In War, Truth Is the First Casualty*

In War, Truth Is the First Casualty* As penned in verse by T.S. Elliot (1971) , the naming of animals is a difficult matter. The process of defining species involves important biological issues and, more recently, some important conservation issues. Unfortunately, it remains a process without a clear, detailed, operational methodology, and therefore it is susceptible to bias. Our article on geopolitical species was motivated by concern that such a bias has influenced the taxonomy of an endangered sea turtle. We applaud the editors of Conservation Biology for encouraging the articulation of diverse viewpoints. We also thank J. M. Grady, E. D. McCoy, P. C. H. Pritchard, J. M. Quattro, and K. Shrader‐Frechette for their critical evaluation and insightful comments published in the preceding commentaries. In this reply, we briefly summarize the main points of our article and then address some of the specific issues raised by each of the commentaries. Finally, we attempt to connect this forum to larger issues invoked by the haunting comment of a reviewer: “We all know it is wrong to tell lies, except to confuse the enemy in wartime.” If conservation is a war, what are the duties of conservationists and scientists in this war? Is it possible that http://www.deepdyve.com/assets/images/DeepDyve-Logo-lg.png Conservation Biology Wiley

In War, Truth Is the First Casualty*

Conservation Biology, Volume 13 (5) – Oct 23, 1999

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Publisher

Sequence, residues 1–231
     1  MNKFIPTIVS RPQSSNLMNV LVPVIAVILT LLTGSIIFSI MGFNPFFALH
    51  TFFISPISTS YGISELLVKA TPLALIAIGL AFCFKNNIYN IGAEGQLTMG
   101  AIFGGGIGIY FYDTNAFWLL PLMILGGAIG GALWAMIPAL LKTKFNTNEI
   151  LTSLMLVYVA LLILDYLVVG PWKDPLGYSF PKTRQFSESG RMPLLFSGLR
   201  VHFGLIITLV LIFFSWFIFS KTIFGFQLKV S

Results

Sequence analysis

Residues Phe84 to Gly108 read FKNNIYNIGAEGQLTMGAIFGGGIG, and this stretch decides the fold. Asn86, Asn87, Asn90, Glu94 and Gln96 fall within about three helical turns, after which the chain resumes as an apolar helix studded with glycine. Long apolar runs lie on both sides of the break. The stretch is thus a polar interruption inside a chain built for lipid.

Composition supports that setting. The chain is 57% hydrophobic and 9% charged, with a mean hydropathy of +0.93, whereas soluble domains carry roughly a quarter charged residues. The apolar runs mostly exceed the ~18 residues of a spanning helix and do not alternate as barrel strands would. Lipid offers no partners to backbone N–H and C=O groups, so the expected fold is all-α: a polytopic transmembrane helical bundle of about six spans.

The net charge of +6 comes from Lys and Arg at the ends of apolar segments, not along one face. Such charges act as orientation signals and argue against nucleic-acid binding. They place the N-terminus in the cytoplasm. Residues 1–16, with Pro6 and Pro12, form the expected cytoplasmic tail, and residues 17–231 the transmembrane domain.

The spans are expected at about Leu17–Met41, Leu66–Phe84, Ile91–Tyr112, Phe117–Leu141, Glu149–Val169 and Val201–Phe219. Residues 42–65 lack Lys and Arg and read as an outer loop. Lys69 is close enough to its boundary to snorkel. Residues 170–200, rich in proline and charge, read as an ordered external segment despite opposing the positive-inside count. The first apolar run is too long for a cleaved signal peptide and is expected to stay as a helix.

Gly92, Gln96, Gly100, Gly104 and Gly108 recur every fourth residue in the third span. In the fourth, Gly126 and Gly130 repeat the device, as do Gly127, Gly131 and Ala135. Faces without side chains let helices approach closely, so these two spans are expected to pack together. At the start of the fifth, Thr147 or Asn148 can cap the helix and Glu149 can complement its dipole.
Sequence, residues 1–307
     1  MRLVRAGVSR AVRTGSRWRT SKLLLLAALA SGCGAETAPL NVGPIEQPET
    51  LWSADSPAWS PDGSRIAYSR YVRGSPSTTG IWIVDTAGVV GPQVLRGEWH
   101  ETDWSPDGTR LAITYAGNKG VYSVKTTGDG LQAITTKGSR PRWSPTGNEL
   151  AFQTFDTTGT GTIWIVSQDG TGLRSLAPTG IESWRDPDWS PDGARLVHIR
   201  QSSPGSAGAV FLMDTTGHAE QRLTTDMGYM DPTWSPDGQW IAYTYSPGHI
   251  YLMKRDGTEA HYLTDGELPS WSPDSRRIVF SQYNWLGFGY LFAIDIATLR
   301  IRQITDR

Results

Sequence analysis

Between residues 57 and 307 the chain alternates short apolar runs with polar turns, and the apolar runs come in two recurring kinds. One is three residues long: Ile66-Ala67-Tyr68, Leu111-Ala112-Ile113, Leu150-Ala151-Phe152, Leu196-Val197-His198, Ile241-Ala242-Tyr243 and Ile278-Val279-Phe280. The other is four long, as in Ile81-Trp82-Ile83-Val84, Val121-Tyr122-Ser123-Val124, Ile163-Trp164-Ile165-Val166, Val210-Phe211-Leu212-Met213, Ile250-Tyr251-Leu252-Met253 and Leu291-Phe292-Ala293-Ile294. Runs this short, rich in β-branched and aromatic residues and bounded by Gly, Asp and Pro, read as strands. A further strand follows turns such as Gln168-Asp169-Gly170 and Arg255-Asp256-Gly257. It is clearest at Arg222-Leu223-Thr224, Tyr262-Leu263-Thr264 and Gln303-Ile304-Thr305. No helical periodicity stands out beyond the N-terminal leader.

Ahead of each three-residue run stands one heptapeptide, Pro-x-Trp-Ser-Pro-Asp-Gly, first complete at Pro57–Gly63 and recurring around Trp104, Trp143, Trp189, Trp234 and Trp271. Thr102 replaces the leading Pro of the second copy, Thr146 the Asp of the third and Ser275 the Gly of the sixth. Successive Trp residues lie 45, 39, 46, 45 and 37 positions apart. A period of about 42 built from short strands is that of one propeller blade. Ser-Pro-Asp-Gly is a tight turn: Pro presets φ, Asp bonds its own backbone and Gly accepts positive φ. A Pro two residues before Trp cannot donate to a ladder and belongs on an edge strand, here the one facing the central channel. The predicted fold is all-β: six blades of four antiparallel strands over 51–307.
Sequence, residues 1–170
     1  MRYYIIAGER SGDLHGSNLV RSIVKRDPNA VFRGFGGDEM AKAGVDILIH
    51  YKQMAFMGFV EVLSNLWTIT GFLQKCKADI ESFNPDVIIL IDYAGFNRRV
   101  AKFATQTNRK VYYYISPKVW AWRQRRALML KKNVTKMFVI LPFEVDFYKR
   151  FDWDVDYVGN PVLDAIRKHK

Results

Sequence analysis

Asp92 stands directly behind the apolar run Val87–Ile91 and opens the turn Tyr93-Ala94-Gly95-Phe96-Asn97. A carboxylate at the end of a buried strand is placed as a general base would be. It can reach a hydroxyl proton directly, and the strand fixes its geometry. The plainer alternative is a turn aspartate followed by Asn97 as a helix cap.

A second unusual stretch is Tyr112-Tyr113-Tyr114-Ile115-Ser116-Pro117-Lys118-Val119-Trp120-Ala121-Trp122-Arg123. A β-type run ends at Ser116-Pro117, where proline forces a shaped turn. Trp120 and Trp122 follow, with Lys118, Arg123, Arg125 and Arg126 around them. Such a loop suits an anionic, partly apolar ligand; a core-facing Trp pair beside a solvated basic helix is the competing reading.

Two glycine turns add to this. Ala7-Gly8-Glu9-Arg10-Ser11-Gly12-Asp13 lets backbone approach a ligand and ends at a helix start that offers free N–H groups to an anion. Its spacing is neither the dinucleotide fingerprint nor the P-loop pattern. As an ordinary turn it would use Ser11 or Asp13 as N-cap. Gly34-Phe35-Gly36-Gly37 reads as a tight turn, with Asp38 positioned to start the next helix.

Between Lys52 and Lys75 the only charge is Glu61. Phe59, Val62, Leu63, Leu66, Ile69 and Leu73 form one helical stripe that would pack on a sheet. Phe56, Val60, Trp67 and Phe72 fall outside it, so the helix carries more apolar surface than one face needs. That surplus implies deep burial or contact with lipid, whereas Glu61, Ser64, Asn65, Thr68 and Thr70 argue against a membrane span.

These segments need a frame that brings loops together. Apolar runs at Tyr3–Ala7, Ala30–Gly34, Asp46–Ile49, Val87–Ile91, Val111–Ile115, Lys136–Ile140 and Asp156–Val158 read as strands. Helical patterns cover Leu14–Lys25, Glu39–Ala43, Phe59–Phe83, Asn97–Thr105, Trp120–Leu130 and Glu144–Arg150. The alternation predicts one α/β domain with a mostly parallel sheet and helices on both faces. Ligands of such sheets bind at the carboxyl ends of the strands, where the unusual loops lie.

Wiley
Copyright
Copyright © 1999 Wiley Subscription Services, Inc., A Wiley Company
ISSN
0888-8892
eISSN
1523-1739
DOI
10.1046/j.1523-1739.1999.99269.x
Publisher site
See Article on Publisher Site

Abstract

As penned in verse by T.S. Elliot (1971) , the naming of animals is a difficult matter. The process of defining species involves important biological issues and, more recently, some important conservation issues. Unfortunately, it remains a process without a clear, detailed, operational methodology, and therefore it is susceptible to bias. Our article on geopolitical species was motivated by concern that such a bias has influenced the taxonomy of an endangered sea turtle. We applaud the editors of Conservation Biology for encouraging the articulation of diverse viewpoints. We also thank J. M. Grady, E. D. McCoy, P. C. H. Pritchard, J. M. Quattro, and K. Shrader‐Frechette for their critical evaluation and insightful comments published in the preceding commentaries. In this reply, we briefly summarize the main points of our article and then address some of the specific issues raised by each of the commentaries. Finally, we attempt to connect this forum to larger issues invoked by the haunting comment of a reviewer: “We all know it is wrong to tell lies, except to confuse the enemy in wartime.” If conservation is a war, what are the duties of conservationists and scientists in this war? Is it possible that

Journal

Conservation BiologyWiley

Published: Oct 23, 1999

References

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